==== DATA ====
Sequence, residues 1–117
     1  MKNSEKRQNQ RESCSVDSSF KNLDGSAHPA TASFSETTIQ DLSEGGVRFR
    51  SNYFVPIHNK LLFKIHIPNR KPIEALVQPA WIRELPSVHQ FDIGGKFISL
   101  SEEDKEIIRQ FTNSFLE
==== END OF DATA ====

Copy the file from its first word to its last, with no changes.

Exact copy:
Sequence, residues 1–117
     1  MKNSEKRQNQ RESCSVDSSF KNLDGSAHPA TASFSETTIQ DLSEGGVRFR
    51  SNYFVPIHNK LLFKIHIPNR KPIEALVQPA WIRELPSVHQ FDIGGKFISL
   101  SEEDKEIIRQ FTNSFLE